Now while most students choose to be on time, I’m under no illusion that many of them would prefer not to be. Instead, they comply to avoid the negative consequence of being marked late. If the teacher were to stop monitoring, the likelihood is that the number of late students would increase. Speeding tickets are the obvious adult version. In contrast, those who are late are betting that the consequences will not be that great, and that any supposed rewards for being on time are also probably not that great.

As students mature, the goal is for them to be on time out of choice because they recognize the value of actively engaging in their own education and growth. Learning to show up on time - not just because someone is checking on you but because you have matured to the point where you get the basics of delayed gratification - is basic moral character development. In the real world, failure to learn and apply this skill leads to unemployment, broken families, addiction and a host of other problems. You could call these consequences, the judgement that naturally results from failing to develop moral character.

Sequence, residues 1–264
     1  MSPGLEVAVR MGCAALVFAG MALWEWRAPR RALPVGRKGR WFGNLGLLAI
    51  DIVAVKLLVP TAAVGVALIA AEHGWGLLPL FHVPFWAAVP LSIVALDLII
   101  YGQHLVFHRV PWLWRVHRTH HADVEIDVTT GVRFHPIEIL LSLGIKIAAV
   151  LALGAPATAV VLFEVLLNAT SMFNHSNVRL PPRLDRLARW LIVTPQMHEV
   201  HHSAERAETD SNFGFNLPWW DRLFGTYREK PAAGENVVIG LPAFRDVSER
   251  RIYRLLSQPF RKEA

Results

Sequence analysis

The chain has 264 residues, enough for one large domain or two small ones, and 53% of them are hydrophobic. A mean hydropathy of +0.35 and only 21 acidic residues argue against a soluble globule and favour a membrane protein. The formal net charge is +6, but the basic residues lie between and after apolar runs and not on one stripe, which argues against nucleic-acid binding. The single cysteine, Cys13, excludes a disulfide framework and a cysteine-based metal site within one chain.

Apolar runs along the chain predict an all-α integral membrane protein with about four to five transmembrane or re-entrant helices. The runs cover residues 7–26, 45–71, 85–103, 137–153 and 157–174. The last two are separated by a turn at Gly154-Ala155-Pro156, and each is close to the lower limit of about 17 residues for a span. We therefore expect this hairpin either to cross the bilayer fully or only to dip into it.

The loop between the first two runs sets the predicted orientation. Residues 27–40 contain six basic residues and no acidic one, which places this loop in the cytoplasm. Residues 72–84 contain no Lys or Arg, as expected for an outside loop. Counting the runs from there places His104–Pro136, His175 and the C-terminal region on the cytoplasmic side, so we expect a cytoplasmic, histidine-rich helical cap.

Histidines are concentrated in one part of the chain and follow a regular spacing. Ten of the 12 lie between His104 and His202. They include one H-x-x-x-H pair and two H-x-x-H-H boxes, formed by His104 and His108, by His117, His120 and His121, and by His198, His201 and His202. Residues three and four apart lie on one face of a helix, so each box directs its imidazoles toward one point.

Fortunately we are not stuck there. Grace is available for all of us who struggle to be on time in developing the moral skills and behaviours that bring life. Yet to be able to receive grace we must have a favorable picture of God. If we see God as an angry judge waiting to punish infractions or a task master monitoring and keeping check of our daily missteps then we will probably prefer to skip all together.  The bible teaches that  “the law was our guardian (teacher) until Christ came that we might be justified by faith” (Galatians 3:22).  In other words, in God's classroom the rules were put in place to help us mature until we were ready to choose faith in Christ.  Rule keeping does not change people. A shift in understanding and an opportunity to learn does. Sometimes to make that shift will require  consequences (judgement) as a wake up  call to reality, but it’s far better to learn the easy way. What kind of student are you?